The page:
Catching feelings: film review

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A Johannesburg-based husband (Max) and wife (Sam) feel stuck in their humdrum life. When a famed writer comes to speak at the husband's university, his pleasure-seeking ways influence the couple's behaviour, and their lives are completely uprooted.

Catching feelings launched globally on Netflix on 18 May 2018.

It’s a beautifully shot, warm and fuzzy love letter to Joburg. Joburg is, as a matter of fact, the strongest and most interesting character in the movie. The rest pale in comparison, unfortunately. Max is neurotic, charmless and annoying. Kagiso Lediga can’t quite immerse himself in the character, either. You expect Kagiso, the comedian, to crack a grin at any point.

Sam, his dutiful wife, is without agency, and Pearl Thusi is, one, shamefully underused and, two, utterly exploited for her looks. There are countless unnecessary scenes of her in underwear.

The smaller characters are more interesting, but not utilised. Most of their stories are not even resolved by the end of the film.

The film treats its women shamefully. There is the loyal wife who, for the most part, accepts her husband’s bad behaviour. There is the bored white housewife who starts an affair with a dashing black man. Don’t get me started on the angry lesbian who hates men, or the vacuous party girls who freak out when Heiner has a heart attack. They must call the other man in the house? Really?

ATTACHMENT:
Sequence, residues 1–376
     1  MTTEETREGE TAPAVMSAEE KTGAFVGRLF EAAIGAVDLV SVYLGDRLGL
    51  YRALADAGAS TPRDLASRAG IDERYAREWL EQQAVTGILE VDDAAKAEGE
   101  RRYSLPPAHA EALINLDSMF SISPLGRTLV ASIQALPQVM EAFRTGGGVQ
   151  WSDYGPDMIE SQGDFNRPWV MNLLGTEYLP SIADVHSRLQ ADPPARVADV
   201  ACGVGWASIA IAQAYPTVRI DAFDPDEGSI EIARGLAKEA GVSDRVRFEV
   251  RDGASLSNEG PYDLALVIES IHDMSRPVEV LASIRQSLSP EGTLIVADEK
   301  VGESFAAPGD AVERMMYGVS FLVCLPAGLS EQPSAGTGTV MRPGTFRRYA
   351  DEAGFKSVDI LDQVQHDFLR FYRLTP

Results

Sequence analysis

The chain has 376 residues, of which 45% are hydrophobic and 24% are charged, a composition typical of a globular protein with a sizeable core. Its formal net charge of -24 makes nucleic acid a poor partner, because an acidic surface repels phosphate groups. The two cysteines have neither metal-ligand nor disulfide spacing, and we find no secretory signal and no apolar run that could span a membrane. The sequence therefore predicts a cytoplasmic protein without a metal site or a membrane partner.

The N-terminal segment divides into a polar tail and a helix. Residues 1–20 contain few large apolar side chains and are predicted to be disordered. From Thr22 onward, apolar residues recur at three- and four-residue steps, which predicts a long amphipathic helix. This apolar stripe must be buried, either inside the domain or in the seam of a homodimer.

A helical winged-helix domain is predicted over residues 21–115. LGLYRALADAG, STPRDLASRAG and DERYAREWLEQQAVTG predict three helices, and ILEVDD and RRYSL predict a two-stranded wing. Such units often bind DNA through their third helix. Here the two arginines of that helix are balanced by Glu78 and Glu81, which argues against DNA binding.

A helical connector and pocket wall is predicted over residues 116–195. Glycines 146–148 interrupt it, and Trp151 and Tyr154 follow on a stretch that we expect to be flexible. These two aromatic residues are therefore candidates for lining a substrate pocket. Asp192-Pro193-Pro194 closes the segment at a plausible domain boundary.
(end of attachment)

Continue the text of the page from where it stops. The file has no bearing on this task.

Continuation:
Max is convinced Sam is going to cheat on him because he, a man, brought another man, a wolf, into their house. As if it is not up to her, as if his presence is the only thing that will prevent her from falling into the arms of another man. Really? It is also quite unclear whether Max really learns his lesson and changes this attitude towards the end of the film. (Spoiler alert.) He still thinks, after everything he has done, that he can win her over with concert tickets. She is that pliable.

It is billed as a romantic comedy with some social commentary thrown in. Sure, there is some romance and some comedy and some comments on race, class, etc, but it is all stereotypical and forced. Kagiso Lediga (writer, director, star of the film) tries too hard with the script, which leaves the film with an identity crisis and the dialogue somewhat stilted. There are senseless cameos by Loyiso Gola and others. It is way too long at two hours, there are too many unresolved stories at the end, and what the point of the film is, is unclear.

Catching feelings is, at best, a 6 out of 10.

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